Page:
When it comes to predicting the next big spirit, I believe shochu has the potential to take the world by storm and introduce consumers to a whole new range of flavours. There’s still a lot of education to be shared about Japan’s national spirit in the west and writing about it is my way of contributing to the shochu revolution!
Shochu is one of the world’s most diverse spirits, thanks to the plethora of ingredients it can be made from and the range of styles it can be enjoyed in. Outside of Japan, shochu awareness is becoming more apparent and some western distilleries are looking at how to incorporate it into their portfolio.
UK-based drink mavericks BrewDog took the plunge by creating the UK’s first shochu Inugami. While I’m happy that shochu has been introduced through a western lens, it’s important to point out how Inugami differs from traditional shochu so consumers can make an informed buying decision.
If you’re looking to step outside your comfort zone with a unique kind of drink they you can’t go wrong with shochu. Japan’s national spirit is made with a smorgasbord of different ingredients, with one of the most interesting being sesame seeds.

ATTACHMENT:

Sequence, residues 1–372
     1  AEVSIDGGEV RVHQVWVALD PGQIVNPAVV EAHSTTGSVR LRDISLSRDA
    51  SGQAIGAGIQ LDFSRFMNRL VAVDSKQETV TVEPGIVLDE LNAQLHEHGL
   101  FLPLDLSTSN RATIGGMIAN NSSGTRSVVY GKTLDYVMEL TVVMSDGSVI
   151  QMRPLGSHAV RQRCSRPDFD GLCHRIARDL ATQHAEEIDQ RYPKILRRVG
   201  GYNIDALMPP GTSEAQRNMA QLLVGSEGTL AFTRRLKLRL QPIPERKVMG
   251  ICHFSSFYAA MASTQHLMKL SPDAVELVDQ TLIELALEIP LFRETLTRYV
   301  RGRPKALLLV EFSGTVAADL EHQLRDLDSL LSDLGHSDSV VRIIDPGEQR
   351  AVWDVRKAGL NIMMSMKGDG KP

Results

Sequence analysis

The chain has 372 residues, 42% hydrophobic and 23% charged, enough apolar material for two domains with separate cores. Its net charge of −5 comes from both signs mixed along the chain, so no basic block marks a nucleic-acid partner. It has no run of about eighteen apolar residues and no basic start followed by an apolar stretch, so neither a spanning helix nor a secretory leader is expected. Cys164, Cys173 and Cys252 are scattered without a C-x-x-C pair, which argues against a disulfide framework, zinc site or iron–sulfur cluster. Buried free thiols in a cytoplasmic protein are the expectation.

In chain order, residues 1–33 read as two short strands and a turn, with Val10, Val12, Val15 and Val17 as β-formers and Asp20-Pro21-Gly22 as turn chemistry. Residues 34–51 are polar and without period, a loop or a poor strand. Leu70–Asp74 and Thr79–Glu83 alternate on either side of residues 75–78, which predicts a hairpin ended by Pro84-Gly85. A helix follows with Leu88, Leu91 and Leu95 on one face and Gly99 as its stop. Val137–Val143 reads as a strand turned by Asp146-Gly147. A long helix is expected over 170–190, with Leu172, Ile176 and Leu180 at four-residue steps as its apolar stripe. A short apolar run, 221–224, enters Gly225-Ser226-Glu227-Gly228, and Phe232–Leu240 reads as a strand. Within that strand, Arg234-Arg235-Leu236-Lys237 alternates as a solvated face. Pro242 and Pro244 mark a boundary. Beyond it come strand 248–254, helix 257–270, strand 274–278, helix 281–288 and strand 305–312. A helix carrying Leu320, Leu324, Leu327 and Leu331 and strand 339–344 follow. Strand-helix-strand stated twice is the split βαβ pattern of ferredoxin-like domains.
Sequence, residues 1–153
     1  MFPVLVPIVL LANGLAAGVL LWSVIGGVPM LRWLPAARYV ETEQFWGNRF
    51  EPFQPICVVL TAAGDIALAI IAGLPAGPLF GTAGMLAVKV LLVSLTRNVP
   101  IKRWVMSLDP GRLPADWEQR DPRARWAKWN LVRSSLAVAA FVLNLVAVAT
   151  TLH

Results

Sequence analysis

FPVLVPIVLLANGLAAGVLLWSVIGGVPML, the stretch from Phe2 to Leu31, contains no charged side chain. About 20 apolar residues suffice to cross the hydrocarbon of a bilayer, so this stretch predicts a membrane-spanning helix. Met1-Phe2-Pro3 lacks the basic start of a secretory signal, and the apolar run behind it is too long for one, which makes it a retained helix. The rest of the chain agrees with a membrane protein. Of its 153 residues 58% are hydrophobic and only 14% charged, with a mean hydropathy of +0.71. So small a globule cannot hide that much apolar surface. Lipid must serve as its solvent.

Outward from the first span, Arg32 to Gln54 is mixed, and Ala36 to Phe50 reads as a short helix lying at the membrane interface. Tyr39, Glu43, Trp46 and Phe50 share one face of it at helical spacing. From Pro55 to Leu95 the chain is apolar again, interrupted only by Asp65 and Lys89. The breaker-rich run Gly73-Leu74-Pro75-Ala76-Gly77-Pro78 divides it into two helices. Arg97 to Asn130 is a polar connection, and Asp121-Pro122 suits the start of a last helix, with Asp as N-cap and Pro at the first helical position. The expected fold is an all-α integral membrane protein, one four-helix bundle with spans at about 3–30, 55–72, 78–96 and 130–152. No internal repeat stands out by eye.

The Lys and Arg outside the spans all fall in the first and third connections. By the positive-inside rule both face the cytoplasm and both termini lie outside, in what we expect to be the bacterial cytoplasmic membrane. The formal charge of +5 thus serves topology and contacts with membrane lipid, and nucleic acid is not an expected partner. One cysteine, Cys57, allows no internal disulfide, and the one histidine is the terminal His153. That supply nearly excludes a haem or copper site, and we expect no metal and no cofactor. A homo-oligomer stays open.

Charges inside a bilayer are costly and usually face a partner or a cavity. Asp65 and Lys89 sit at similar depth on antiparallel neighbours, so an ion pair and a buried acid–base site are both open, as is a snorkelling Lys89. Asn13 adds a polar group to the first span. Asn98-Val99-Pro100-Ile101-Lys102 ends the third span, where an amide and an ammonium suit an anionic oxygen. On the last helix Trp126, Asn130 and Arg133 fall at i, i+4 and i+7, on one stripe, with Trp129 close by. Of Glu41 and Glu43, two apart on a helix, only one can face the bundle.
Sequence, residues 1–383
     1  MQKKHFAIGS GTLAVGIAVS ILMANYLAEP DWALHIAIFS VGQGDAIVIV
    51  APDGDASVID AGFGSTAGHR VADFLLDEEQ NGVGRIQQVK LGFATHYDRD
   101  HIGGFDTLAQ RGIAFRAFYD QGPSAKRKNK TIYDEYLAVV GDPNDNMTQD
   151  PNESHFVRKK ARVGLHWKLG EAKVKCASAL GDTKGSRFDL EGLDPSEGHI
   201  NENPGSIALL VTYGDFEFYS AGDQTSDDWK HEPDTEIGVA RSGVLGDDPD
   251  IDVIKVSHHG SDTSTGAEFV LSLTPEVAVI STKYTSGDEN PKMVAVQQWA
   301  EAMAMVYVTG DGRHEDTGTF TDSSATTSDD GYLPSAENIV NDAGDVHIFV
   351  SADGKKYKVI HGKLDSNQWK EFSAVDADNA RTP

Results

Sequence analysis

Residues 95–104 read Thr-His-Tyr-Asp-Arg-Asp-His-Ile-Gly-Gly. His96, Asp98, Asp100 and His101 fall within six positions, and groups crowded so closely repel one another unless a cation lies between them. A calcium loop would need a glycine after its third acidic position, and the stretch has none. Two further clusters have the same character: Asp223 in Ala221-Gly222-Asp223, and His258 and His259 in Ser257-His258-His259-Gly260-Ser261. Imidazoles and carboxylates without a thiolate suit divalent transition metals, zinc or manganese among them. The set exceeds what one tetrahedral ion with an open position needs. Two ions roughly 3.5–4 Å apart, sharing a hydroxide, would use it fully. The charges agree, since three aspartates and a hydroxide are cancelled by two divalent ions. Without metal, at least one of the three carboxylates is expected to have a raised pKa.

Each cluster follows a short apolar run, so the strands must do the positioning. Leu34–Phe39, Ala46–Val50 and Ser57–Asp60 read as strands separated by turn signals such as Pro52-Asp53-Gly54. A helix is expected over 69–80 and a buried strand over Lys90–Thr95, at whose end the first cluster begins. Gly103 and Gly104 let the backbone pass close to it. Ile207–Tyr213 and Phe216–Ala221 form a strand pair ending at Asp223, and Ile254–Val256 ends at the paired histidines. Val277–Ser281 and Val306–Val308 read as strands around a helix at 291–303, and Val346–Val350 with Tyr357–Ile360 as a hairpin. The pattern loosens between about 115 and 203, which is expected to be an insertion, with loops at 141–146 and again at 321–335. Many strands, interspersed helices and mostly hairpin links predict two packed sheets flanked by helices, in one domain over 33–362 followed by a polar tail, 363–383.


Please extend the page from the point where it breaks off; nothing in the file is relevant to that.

Beniotome Red Maiden Black is the first sesame shochu I’ve tried and it’s one of the most multifaceted drinks I’ve come across on my shochu journey so far.
Since being bitten by the shochu bug, I’ve been on a mission to try as many different types of Japan’s national spirit as possible. From sweet potato to barley, the base ingredients of shochu are as diverse as the breweries that produce such a fine drink.
Japanese sake consists of some of the most multifaceted drinks I’ve ever tasted, and it’s become something of a mission to improve my knowledge about as many different varieties as possible. Shochu is a big part of the sake world. Blended from a mixture of sweet potato, buckwheat, barley, kokuto brown sugar and other ingredients, shochu can be described as kind of diet whisky.